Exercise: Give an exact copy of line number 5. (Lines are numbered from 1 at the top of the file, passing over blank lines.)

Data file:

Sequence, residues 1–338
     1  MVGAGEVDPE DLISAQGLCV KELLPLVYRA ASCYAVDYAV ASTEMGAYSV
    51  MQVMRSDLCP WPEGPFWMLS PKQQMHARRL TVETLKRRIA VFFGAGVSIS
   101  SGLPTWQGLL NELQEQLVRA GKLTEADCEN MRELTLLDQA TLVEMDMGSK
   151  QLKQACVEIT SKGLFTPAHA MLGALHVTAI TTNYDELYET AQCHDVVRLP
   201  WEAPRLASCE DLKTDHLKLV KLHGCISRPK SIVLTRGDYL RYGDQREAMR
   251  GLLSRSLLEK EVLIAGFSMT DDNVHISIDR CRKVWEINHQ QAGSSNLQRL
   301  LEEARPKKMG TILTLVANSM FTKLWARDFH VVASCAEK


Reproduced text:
   151  QLKQACVEIT SKGLFTPAHA MLGALHVTAI TTNYDELYET AQCHDVVRLP